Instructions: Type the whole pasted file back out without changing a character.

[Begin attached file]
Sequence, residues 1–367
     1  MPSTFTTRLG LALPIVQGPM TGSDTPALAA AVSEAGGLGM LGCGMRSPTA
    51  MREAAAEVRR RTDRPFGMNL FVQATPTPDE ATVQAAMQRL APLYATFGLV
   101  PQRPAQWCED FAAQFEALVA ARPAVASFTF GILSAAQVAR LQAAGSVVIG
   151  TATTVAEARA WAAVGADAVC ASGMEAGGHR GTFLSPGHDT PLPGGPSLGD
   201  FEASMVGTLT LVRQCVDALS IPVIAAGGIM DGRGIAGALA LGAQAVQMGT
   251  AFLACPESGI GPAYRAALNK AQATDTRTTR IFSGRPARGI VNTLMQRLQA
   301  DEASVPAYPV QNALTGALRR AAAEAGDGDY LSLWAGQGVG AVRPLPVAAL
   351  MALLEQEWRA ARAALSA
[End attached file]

Sequence, residues 1–367
     1  MPSTFTTRLG LALPIVQGPM TGSDTPALAA AVSEAGGLGM LGCGMRSPTA
    51  MREAAAEVRR RTDRPFGMNL FVQATPTPDE ATVQAAMQRL APLYATFGLV
   101  PQRPAQWCED FAAQFEALVA ARPAVASFTF GILSAAQVAR LQAAGSVVIG
   151  TATTVAEARA WAAVGADAVC ASGMEAGGHR GTFLSPGHDT PLPGGPSLGD
   201  FEASMVGTLT LVRQCVDALS IPVIAAGGIM DGRGIAGALA LGAQAVQMGT
   251  AFLACPESGI GPAYRAALNK AQATDTRTTR IFSGRPARGI VNTLMQRLQA
   301  DEASVPAYPV QNALTGALRR AAAEAGDGDY LSLWAGQGVG AVRPLPVAAL
   351  MALLEQEWRA ARAALSA